Sunday, September 23, 2007

Radiology Grand Rounds-XVI




Here is a case of Pineal tumour for the Radiology Grand Rounds submitted by Dr MGK Murthy, Dr Sumer Sethi of Teleradiology Providers. Concept of the Radiology Grand Rounds is available at- Radiology Grand Rounds.



The approach to such cases--
Germinoma and teratoma are two germ cell tumors that can arise from the pineal gland. Germinoma is the most common pineal tumor, accounting for 40-50% of all pineal region tumors and two-thirds of all germ cell tumors. It affects primarily children or young adults and is significantly more common in males. Germinomas have a homogenous appearance on MRI and enhance strongly following contrast administration. Teratoma accounts for 15% of pineal masses and also demonstrates male predominance. These lesions are heterogeneous with calcifications and mixed CSF, lipid and soft tissue areas. Germ cell tumors tend to engulf primary pineal calcifications.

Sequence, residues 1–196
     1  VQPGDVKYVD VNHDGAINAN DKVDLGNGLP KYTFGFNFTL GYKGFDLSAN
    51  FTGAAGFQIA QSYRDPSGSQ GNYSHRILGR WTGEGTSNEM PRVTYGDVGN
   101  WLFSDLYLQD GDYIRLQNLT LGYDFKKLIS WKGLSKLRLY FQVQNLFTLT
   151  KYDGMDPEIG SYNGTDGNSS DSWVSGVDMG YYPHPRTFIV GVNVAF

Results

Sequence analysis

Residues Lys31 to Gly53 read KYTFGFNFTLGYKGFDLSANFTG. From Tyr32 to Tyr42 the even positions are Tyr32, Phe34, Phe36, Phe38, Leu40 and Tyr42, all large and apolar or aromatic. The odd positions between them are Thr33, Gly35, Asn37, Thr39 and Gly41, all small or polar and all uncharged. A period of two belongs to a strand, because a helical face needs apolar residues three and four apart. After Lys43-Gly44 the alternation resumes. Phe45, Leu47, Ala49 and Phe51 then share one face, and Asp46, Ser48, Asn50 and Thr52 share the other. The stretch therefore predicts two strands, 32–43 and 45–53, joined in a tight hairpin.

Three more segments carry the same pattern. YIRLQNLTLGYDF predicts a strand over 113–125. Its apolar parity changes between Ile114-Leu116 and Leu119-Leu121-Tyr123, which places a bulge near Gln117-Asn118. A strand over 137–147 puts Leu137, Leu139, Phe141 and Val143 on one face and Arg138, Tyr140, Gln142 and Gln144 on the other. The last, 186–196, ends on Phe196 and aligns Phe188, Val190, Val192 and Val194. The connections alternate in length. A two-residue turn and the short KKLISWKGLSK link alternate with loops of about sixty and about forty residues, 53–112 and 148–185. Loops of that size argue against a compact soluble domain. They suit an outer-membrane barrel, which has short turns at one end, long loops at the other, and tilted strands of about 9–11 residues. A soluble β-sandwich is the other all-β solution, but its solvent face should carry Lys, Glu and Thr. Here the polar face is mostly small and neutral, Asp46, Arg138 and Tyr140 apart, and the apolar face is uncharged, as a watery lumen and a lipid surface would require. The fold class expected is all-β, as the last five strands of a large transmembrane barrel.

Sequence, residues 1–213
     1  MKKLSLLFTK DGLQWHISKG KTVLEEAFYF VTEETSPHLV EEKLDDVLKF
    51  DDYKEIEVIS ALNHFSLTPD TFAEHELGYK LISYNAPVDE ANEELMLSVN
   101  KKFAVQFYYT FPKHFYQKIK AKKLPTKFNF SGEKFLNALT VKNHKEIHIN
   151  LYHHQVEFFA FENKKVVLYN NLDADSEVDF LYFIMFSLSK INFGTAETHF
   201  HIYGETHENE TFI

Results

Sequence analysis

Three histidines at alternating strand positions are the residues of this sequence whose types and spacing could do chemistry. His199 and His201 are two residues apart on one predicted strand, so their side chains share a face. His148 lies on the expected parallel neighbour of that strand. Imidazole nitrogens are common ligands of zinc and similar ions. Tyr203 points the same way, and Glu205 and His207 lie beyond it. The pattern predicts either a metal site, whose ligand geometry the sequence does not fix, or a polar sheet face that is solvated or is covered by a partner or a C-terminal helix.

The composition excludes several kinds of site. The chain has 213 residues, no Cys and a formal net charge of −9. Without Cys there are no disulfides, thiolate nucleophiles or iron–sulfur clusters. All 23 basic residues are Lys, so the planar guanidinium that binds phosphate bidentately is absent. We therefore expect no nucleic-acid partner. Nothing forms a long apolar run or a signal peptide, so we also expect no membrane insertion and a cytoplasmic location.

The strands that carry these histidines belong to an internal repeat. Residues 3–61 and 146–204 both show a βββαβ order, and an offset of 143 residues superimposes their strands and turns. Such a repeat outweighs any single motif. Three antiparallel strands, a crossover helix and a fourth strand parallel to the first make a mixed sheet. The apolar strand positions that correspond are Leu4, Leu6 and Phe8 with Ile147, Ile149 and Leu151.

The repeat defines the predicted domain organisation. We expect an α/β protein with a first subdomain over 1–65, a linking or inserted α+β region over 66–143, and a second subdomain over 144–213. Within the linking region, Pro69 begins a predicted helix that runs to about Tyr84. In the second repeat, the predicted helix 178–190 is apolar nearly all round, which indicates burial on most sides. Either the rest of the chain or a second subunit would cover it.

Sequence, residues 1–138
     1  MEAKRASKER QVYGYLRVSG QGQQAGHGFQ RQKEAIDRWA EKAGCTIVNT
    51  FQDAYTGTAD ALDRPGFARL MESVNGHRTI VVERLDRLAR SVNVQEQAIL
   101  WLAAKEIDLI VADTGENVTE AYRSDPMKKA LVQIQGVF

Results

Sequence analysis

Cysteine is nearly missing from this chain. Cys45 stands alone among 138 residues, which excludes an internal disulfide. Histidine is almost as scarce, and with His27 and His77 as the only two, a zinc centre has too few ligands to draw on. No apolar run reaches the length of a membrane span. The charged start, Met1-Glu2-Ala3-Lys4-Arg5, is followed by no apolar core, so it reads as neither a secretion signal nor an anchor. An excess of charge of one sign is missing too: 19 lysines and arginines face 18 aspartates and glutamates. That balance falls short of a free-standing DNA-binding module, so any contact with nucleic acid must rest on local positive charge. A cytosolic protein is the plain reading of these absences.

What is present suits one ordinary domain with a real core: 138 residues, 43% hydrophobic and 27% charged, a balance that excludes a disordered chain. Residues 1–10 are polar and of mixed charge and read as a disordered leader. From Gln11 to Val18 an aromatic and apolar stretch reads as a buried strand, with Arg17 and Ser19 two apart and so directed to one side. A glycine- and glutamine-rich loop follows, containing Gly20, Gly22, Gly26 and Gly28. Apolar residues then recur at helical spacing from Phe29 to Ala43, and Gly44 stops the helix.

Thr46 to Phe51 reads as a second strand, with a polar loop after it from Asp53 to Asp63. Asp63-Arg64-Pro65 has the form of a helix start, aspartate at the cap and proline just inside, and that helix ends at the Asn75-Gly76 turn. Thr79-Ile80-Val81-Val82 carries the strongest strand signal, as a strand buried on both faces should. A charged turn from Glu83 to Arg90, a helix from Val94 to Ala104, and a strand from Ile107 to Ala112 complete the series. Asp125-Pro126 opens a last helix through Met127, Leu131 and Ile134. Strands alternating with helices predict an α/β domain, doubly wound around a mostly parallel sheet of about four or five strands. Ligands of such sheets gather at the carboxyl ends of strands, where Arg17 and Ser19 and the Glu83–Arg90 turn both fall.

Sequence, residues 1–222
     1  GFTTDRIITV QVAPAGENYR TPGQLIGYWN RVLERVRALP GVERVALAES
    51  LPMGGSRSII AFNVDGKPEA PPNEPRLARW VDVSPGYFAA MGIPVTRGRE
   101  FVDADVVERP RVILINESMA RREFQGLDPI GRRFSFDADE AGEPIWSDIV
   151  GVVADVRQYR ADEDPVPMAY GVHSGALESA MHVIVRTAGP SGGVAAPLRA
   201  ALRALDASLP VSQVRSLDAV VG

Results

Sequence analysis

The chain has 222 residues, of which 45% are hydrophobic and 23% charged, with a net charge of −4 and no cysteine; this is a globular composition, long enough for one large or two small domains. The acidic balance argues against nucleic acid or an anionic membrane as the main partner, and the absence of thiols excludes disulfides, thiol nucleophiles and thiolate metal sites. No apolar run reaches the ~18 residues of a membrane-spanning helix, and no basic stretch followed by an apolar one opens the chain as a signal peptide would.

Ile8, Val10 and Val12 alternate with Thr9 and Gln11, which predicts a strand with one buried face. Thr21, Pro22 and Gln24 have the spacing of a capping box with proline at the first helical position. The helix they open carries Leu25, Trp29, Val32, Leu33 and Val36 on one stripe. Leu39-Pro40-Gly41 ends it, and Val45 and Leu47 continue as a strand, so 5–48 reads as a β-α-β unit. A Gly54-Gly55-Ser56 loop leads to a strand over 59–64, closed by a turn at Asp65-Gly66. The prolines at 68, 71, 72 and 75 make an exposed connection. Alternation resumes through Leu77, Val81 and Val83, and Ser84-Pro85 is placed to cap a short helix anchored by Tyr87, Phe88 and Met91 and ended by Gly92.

Pineal parenchymal lesions include pineocytoma and pineobalstoma. Pineocytoma is an enhancing lesion that affects adults. This benign entity is characterized by good demarcation, homogeneity, and slow growth. It is noninvasive. Pineoblastoma generally affects children and occurs with approximately equal incidence in males and females. Common characteristics of this malignancy include local invasion, distant CNS spread, heterogeneity, calcification, and marked enhancement. It is important to obtain images of the spine to look for metastases. Parenchymal tumors will have intrinsic calcifications, producing an exploded appearance .
The above case is a lady young and homogenous enhancement hence pineocytoma is possible.
The clinical presentation of a pineal lesion may include obstructive hydrocephalus, Parinaud's syndrome (characterized by palsy of upward gaze, dissociation of light and accommodation, and failure of convergence) caused by compression of the tectum, and endocrine abnormalities ( e.g., precocious puberty) in cases of germ cell tumors. One of the radiologist's main roles is to determine the origin of the lesion. Lesions arising from adjacent regions and extending to the pineal region include CNS lipoma, epidermoid, arachnoid cyst, astrocytoma, and meningioma. Lesions arising from the pineal gland itself include germ cell tumors, pineal parenchymal lesions, pineal cysts, vascular malformations, and metastases.

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